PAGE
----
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The first consideration is price and location. Anyone who hasn't yet sold their property in 2012 needs to seriously think about whether they drop the price. Research throughout 2012 from a variety of sources has shown that a property at the right price will sell. So this means taking advice from experienced agents and also looking at what similar properties in the area are achieving.
While national average property prices have remained stable over 2012, if you are serious about selling you need to be aware of what is happening locally as the UK property market is now dividing into thousands of markets with demand and supply differing according to the postcode and property type.
To help work out what's happening in the market now, you need to better understand the relationship between demand for property in today's market and what's happening with supply. This will help to understand whether now is a good time to sell, or whether you need to drop the price. The average time to sell a property is down from 10.2 weeks in January to 9.8 weeks in November 2012 and this suggests the property market is improving. But it is still much longer than the average six to eight weeks before the credit crunch.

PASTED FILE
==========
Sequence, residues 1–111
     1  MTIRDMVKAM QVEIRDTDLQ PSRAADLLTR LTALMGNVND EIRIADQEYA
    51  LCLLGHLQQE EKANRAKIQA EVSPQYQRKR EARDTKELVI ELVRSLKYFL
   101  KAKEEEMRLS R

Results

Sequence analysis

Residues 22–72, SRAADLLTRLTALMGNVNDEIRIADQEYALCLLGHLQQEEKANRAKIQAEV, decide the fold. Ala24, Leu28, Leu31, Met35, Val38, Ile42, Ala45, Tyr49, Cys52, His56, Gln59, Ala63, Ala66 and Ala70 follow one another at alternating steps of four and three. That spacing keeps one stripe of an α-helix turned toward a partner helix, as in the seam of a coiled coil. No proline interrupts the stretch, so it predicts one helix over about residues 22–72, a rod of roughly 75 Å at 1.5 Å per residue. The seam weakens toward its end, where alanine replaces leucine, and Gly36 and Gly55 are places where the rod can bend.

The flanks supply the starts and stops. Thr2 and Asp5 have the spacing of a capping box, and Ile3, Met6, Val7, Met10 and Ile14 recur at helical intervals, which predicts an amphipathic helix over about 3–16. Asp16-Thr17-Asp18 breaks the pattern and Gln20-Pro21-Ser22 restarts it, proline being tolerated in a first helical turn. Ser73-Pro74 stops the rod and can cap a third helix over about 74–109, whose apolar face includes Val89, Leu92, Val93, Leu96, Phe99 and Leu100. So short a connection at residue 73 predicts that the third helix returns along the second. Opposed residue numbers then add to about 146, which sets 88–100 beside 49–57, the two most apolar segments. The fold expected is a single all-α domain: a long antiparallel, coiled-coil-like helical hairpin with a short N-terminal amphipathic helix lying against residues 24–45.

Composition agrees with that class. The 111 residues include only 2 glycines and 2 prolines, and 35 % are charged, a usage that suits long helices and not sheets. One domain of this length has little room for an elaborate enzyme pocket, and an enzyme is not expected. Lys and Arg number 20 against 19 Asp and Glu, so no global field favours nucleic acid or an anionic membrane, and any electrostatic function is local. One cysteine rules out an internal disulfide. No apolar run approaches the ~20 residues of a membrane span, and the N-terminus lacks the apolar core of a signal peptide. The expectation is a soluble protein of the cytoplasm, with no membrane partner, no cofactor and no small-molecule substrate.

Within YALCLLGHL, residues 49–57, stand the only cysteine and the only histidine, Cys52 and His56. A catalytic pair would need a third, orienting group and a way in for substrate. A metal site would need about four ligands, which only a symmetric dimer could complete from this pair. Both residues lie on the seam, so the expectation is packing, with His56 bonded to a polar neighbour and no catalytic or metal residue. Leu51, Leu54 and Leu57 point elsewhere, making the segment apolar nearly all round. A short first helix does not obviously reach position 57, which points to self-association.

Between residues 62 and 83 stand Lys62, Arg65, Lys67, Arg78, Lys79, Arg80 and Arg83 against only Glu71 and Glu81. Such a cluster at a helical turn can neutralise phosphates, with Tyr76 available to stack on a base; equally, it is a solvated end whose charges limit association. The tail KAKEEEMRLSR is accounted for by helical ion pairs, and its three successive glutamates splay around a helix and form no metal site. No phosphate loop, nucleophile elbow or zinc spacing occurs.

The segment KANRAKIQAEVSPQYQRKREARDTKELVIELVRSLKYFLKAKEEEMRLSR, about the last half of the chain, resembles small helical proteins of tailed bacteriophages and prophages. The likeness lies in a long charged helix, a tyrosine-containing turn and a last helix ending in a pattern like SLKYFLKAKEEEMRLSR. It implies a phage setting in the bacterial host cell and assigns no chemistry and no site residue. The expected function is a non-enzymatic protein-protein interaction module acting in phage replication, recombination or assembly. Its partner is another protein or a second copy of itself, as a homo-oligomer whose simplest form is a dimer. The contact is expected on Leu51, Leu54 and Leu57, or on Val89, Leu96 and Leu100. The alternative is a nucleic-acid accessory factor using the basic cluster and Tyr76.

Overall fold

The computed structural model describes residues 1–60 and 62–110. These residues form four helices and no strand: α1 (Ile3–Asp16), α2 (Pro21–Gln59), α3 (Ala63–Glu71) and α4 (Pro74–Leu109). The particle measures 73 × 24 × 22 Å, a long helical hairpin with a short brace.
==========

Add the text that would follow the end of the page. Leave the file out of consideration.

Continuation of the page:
Reducing the price of your house is always emotive as you don't want to lose 'profit'. Unfortunately many people are living in the past, believing their house is worth the same as it was in 2007, but in reality the price may well have dropped by 25% or more! Be realistic. Do the sums. What if you make your house price really competitive, a real bargain. How much would that leave you after the sale? Then equate how much it would cost to stay where you are for two years if you don't sell - council tax, heating costs, and house insurance. Chances are that would total around several thousand pounds - nearly 10,000€ - which you wouldn't be paying if you lived in Crete!
Recent years have seen a growth in online estate agents and they have proved attractive because selling is generally cheaper than with a traditional high street agent. But you need to work out if cheaper is best. For example, a high street agent will have an intimate knowledge of the local market and what is selling at what price and this kind of knowledge can be invaluable. Also a traditional agent gets to hear about who might be looking in the area from other agents, potential buyers who have lost out on a sale and also buyers who may be looking from abroad.